The metabolic health of New Zealand vegans : a thesis presented in partial fulfilment of the requirements for the degree of Master of Science in Nutrition and Dietetics, Massey University, Albany, New Zealand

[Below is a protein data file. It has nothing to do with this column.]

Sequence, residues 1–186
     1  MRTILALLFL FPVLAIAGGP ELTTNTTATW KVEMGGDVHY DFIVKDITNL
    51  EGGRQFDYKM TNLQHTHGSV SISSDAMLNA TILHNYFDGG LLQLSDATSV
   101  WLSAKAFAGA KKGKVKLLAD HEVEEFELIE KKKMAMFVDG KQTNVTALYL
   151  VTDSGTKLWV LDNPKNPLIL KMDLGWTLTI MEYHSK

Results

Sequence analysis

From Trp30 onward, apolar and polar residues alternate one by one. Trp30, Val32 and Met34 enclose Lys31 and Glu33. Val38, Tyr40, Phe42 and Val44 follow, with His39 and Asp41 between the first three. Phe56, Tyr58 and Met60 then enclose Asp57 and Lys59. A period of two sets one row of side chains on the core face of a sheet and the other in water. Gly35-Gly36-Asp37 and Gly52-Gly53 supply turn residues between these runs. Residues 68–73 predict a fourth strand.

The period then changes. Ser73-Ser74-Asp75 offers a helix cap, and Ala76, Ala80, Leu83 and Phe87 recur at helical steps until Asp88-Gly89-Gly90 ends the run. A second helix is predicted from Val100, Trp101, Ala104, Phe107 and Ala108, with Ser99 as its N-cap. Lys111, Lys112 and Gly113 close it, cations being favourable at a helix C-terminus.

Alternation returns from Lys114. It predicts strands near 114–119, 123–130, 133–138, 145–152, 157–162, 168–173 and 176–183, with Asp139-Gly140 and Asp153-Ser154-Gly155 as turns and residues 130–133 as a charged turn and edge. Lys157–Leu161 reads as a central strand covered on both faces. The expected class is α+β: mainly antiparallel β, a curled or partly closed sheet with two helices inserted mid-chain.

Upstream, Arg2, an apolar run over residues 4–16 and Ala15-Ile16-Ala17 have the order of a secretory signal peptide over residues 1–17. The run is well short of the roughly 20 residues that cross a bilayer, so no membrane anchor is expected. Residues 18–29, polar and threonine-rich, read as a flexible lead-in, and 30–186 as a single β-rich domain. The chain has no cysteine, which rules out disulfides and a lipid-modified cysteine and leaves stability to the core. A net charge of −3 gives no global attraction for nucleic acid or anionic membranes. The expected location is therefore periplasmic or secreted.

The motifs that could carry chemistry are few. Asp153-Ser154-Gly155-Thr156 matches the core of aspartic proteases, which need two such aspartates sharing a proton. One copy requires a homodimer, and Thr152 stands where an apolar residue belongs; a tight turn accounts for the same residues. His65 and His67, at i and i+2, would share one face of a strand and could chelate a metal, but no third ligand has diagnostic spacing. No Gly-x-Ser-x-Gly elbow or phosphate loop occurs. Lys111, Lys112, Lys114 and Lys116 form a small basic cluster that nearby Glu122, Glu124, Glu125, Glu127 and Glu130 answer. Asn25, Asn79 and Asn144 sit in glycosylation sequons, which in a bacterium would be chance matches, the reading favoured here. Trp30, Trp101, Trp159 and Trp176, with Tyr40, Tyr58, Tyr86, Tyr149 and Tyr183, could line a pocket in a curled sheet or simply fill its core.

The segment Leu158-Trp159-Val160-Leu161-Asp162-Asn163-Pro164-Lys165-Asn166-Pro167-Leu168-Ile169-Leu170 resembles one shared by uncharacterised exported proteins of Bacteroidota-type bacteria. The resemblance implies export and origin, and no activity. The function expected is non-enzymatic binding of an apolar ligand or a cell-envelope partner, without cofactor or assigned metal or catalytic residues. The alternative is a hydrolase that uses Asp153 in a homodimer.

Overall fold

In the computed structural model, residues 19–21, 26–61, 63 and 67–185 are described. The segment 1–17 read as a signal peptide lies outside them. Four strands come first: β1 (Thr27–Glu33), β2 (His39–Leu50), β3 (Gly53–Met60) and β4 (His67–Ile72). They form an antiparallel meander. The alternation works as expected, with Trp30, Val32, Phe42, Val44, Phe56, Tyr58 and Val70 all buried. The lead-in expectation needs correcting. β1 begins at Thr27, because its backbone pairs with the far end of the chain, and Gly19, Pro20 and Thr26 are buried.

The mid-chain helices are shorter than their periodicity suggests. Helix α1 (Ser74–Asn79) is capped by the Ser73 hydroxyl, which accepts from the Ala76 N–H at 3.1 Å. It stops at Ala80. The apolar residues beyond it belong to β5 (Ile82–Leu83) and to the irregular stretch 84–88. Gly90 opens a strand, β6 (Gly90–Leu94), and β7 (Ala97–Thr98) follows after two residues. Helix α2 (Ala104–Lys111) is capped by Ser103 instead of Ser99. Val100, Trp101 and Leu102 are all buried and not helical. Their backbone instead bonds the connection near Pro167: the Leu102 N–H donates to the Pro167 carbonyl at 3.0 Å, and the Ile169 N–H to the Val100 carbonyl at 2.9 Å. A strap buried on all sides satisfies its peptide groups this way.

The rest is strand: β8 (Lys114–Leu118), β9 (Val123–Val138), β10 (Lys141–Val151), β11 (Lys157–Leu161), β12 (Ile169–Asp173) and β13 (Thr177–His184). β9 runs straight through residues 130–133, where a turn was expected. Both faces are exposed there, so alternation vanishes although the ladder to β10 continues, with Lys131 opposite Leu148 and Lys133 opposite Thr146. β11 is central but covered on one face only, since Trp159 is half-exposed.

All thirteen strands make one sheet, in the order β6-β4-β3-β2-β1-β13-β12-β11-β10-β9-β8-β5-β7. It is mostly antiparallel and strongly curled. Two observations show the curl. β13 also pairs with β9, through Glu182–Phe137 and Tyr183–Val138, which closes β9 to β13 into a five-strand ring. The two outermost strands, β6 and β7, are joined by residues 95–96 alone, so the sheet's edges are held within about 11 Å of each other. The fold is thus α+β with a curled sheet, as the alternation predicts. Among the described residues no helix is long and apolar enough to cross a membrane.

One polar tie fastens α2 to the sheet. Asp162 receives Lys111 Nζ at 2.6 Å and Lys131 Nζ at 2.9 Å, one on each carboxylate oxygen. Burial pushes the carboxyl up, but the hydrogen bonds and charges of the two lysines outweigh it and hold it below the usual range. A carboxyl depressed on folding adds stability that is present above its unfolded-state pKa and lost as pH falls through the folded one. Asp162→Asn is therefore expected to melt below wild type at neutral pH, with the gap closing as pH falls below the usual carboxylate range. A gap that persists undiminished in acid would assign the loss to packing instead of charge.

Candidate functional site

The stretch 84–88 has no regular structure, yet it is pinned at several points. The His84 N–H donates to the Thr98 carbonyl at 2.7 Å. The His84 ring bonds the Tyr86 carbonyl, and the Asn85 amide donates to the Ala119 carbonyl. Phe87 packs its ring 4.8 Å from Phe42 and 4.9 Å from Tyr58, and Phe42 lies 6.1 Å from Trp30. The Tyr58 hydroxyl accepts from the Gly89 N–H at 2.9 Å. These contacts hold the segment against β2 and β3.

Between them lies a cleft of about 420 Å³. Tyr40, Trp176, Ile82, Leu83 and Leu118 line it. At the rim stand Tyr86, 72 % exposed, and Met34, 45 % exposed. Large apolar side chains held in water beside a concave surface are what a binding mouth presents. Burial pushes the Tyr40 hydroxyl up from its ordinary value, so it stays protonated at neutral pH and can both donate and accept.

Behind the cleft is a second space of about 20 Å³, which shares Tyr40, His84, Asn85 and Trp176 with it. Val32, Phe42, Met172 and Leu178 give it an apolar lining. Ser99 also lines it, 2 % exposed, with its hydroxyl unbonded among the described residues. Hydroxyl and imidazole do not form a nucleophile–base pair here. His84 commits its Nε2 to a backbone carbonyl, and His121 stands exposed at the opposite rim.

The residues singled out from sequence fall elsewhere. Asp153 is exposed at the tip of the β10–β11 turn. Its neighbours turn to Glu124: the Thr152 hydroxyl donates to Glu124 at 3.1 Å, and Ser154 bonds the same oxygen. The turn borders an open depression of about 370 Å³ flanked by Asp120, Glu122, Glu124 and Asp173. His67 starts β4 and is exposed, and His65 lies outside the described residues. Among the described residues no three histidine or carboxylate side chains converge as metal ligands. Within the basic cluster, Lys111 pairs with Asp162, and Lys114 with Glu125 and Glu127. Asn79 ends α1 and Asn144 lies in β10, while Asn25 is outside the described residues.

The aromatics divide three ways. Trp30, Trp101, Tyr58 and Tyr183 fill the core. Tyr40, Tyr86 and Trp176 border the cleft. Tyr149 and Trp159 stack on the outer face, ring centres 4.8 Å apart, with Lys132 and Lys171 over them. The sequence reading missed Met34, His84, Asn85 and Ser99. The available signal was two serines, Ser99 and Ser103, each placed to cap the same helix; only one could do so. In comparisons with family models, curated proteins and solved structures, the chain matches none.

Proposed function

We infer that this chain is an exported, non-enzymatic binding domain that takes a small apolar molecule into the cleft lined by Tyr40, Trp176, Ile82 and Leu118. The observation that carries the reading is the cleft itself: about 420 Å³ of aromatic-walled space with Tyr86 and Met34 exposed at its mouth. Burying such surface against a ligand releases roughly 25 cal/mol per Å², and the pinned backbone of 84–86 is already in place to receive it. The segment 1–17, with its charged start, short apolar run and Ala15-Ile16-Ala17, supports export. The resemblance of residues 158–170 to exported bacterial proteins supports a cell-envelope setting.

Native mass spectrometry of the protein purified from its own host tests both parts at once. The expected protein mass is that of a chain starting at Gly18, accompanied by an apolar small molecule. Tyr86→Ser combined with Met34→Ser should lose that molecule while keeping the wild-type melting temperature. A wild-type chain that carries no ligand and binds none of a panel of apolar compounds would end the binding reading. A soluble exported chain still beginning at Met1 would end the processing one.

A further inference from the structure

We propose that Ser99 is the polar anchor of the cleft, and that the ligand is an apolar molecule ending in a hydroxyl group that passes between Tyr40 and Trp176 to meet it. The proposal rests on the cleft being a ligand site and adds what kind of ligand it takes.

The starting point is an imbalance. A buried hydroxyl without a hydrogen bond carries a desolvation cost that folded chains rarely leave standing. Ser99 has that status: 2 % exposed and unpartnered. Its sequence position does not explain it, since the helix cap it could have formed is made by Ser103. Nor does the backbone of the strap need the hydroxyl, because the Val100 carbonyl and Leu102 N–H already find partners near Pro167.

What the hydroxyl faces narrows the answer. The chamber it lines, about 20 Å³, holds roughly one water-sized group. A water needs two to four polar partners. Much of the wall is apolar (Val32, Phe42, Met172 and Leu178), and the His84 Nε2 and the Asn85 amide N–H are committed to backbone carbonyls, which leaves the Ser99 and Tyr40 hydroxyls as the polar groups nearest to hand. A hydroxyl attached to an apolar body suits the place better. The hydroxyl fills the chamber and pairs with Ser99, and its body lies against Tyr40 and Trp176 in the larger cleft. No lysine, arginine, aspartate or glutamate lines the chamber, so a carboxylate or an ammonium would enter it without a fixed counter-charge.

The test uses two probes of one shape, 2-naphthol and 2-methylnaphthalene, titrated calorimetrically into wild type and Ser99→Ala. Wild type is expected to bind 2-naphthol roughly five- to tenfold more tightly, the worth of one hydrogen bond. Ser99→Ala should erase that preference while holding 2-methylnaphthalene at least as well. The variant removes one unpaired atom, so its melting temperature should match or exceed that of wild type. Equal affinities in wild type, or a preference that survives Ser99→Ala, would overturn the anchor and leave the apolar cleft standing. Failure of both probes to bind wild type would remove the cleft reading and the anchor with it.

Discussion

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Background: The popularity of a vegan diet is growing in New Zealand. Though there are potential nutrient deficiencies in a vegan diet, it is generally accepted that a vegan diet has greater metabolic benefits than a Western-style diet. Objectives: This cross-sectional study aimed to explore the metabolic health status and dietary intake of adults who had been consuming a vegan diet for 2+ years. Methods: Data were collected from The Vegan Health Research Programme. Participants completed questionnaires on demographic information, dietary practices and supplement use and a four-day food diary. Participants gave a blood sample for analysis of HbA1c, total cholesterol, LDL-C, HDL-C, Chol/HDL ratio, triglycerides and omega-3 index. Blood pressure, waist and hip circumference measurements were taken and body composition was measured using DXA. Results: Participants (N=212) had a mean (SD) age of 39.5 (12.4) years and were predominantly female (73.1%). Mean (SD) metabolic health markers of HbA1c, total cholesterol, LDL-C, HDL-C, Chol/HDL ratio, triglycerides, diastolic blood pressure and waist circumference were all within normal ranges. Females had a normotensive mean (SD) systolic blood pressure of 114.2 (12.9) mmHg and males were just above the low-risk normotensive category at 124.4 (12.0) mmHg. The mean (SD) omega-3 index result of 3.1 (1.2) placed most participants (86.3%) in the high-risk category for heart disease. Saturated fat intakes for males and females were 8.1% and 9.1% of energy, within the recommended range of 8-10% of energy. Dietary fibre intakes were high, at mean (SD) 55.0 (17.8) g/day for males and 43.4 (12.8) g/day for females. Conclusion: This is the first New Zealand study to examine the metabolic health and dietary intake of adult vegans. The results of metabolic health markers indicate that the vegan diet may confer cardioprotective benefits. The low omega-3 index of most participants is concerning, and warrants longitudinal research to assess the level of risk conferred by a low omega-3 index result in a population with no other metabolic risk factors. Dietary intake data shows the population is consuming saturated fat within the recommended range and high amounts of dietary fibre, which may go some way towards explaining the metabolic health status of the participants.